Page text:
For me, this is usually the easiest and quickest way to gauge whether a meeting was a great one or not, ”Was there energy in the room?” Most meetings are boring and they’re usually boring because they’re primarily information based with discussion being minimized. But why have meetings if they’re primarily informational? Emails and reports can take care of that. No, the reason to have a meeting is to have a discussion about things that really matter.
Several years ago I sat on the board of a global organization. In my first meeting, I quickly figured out that the culture of this board was designed to primarily listen to executives read reports. Ugh! What a waste of time (and I knew I didn’t want to waste two days of my life every quarter flying somewhere to listen to reports). So, I decided to change things up by doing what I normally do, ask questions. I challenged ideas. I asked about opportunities and threats. I questioned assumptions. Etc. In other words, I decided to make the meeting a conversation.
At first, several board members weren’t happy with me. Why? Not only was I the “new guy” but now, every session took a lot longer to complete. However, after a while, other people started chiming in and asking questions too because, in general, most leaders are bored with monologues, they want dialogues. They want to engage. They want a chance to influence a decision. They want to know that their time investment matters. They want their brains tapped. And when that happens, energy soars. Discussion and debate and yes, even a few heated moments occur, but that’s what should happen in a good meeting.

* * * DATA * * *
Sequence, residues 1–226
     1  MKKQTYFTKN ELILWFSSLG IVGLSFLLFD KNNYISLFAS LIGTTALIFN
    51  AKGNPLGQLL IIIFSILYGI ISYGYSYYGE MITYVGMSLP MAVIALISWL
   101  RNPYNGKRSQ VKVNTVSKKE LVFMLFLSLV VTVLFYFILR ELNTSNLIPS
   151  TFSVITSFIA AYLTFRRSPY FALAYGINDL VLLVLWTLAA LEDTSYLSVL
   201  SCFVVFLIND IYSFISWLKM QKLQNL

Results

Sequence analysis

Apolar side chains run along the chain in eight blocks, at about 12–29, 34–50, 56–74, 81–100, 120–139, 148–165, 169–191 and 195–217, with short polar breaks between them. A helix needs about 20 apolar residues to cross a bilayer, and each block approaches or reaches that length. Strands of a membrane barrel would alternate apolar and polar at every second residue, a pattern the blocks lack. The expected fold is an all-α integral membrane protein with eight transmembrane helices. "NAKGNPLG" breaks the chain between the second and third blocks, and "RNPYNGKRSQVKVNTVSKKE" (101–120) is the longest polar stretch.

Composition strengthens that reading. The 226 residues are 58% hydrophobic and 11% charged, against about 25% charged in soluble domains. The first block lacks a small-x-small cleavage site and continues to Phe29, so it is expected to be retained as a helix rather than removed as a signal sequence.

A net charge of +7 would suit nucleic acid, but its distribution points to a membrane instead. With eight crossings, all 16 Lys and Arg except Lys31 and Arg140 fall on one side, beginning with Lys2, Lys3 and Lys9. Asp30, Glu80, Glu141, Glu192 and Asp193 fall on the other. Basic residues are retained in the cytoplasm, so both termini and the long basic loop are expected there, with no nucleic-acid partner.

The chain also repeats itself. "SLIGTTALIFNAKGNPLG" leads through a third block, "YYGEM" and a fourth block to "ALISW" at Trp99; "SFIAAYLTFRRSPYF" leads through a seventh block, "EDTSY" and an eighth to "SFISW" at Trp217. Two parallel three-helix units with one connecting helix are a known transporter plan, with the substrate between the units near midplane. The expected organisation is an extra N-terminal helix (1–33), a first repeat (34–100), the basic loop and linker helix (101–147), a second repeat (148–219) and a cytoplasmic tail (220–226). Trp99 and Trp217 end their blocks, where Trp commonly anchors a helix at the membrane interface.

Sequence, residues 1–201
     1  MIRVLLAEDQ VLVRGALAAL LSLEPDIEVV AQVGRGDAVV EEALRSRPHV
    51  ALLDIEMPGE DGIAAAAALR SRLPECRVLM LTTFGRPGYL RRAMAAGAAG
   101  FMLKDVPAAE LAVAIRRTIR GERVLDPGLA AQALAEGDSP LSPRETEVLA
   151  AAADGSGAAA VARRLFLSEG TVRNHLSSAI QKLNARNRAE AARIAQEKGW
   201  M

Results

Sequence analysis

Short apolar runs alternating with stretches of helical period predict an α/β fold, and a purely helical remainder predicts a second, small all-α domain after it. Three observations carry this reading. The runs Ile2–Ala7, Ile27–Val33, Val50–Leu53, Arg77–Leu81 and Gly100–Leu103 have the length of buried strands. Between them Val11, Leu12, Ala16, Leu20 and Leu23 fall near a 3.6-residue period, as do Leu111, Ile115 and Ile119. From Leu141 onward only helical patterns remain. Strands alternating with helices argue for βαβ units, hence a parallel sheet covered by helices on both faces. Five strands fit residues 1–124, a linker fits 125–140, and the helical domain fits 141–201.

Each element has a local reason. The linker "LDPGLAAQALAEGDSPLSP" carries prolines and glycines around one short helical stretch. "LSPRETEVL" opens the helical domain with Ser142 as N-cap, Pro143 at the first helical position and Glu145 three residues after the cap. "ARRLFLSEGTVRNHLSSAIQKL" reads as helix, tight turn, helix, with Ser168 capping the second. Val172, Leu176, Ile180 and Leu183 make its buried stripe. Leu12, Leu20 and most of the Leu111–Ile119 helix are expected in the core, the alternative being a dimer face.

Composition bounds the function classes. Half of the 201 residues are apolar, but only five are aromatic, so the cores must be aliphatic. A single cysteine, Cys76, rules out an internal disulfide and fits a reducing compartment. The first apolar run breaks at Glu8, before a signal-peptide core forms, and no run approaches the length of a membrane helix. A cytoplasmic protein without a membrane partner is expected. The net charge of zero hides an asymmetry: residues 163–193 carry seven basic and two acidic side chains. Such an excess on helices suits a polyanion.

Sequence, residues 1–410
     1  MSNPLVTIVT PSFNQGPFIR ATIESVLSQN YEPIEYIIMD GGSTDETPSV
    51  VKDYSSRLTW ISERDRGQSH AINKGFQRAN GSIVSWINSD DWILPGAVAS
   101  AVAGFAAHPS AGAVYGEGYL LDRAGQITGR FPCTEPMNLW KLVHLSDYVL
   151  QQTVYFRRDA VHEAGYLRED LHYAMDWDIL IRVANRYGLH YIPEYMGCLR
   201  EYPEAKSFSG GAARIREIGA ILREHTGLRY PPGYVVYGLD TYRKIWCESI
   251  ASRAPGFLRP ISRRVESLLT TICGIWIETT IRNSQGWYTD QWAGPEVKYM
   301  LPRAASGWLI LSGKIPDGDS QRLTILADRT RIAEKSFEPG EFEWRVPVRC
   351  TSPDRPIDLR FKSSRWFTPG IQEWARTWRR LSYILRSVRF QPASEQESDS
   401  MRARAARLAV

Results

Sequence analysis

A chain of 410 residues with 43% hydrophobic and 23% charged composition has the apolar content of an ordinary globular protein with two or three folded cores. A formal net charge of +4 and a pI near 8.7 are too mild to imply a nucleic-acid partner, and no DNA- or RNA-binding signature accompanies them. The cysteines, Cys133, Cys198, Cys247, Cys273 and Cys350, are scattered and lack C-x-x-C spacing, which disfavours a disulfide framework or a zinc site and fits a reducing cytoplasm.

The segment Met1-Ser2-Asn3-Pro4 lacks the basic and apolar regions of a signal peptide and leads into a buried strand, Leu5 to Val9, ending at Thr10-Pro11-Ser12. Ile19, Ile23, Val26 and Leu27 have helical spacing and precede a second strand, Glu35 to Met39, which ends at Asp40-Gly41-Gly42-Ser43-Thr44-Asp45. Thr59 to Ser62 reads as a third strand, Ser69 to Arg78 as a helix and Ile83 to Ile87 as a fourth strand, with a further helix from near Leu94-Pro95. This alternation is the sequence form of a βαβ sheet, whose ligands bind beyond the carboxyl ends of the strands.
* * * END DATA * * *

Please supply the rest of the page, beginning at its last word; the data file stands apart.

Unfortunately, after I left that board, six months later I was talking with someone who was still on the board and he said, “I miss not having you on the board anymore. Things have reverted back to the way they were without you. They’ve become boring again.”
So, as you look back on your last meeting, how would you rate the energy in the room on a scale of 1-10 with 10 being high? If it was less than a 9, you know you have some work to do.
III. Did We Make Any Important Decisions?
As you read above, meetings shouldn’t primarily be about information sharing, they should be about dialogue and debate. But how many times have you been in a meeting where people talked for an hour (or longer) and then nothing happened or was decided? How did you feel? Probably like you just wasted an hour or more of your life!
On the other hand, how often have you finished a meeting and “lots of decisions” were made, but they were all about little tactical things that should have been decided outside your meeting? Probably more times than you care to admit. And again, you probably left feeling like no progress had been made.
The point of having a discussion is to make a decision—even if the decision is that more research or data is required.
For example, going back to our discussion about new markets. If, after hearing everyone share their top three markets and debating and discussing them—and you’re still not sure if you should go with A or B, you could decide as a group that Bill will come back next week with specific research about A and Sally will come back with specific research about B and after hearing their presentations you’ll make a final decision. That fine … it’s still a decision that moves a question forward to its final decision.
Small tactical issues should usually be taken care of outside a meeting, unless the issue involves everyone in the meeting and it’s a time saver. However, for the most part, you want to make sure that the discussions and decisions you’re engaging in with your team are all about issues that matter to the advancement of your business or organization.